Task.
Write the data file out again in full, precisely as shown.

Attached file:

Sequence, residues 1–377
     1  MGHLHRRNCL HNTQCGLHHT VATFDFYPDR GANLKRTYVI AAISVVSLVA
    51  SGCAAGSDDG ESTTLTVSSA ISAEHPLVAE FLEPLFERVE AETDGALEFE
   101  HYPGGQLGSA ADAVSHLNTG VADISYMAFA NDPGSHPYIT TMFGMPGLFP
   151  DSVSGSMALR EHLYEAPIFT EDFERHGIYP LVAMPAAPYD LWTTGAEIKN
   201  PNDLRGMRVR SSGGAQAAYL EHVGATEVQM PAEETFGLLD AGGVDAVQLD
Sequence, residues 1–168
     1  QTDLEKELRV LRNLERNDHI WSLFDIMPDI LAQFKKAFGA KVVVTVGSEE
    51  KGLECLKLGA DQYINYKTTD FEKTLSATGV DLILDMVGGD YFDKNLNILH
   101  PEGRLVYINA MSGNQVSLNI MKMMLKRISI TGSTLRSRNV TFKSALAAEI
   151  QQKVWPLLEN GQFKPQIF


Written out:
Sequence, residues 1–377
     1  MGHLHRRNCL HNTQCGLHHT VATFDFYPDR GANLKRTYVI AAISVVSLVA
    51  SGCAAGSDDG ESTTLTVSSA ISAEHPLVAE FLEPLFERVE AETDGALEFE
   101  HYPGGQLGSA ADAVSHLNTG VADISYMAFA NDPGSHPYIT TMFGMPGLFP
   151  DSVSGSMALR EHLYEAPIFT EDFERHGIYP LVAMPAAPYD LWTTGAEIKN
   201  PNDLRGMRVR SSGGAQAAYL EHVGATEVQM PAEETFGLLD AGGVDAVQLD
Sequence, residues 1–168
     1  QTDLEKELRV LRNLERNDHI WSLFDIMPDI LAQFKKAFGA KVVVTVGSEE
    51  KGLECLKLGA DQYINYKTTD FEKTLSATGV DLILDMVGGD YFDKNLNILH
   101  PEGRLVYINA MSGNQVSLNI MKMMLKRISI TGSTLRSRNV TFKSALAAEI
   151  QQKVWPLLEN GQFKPQIF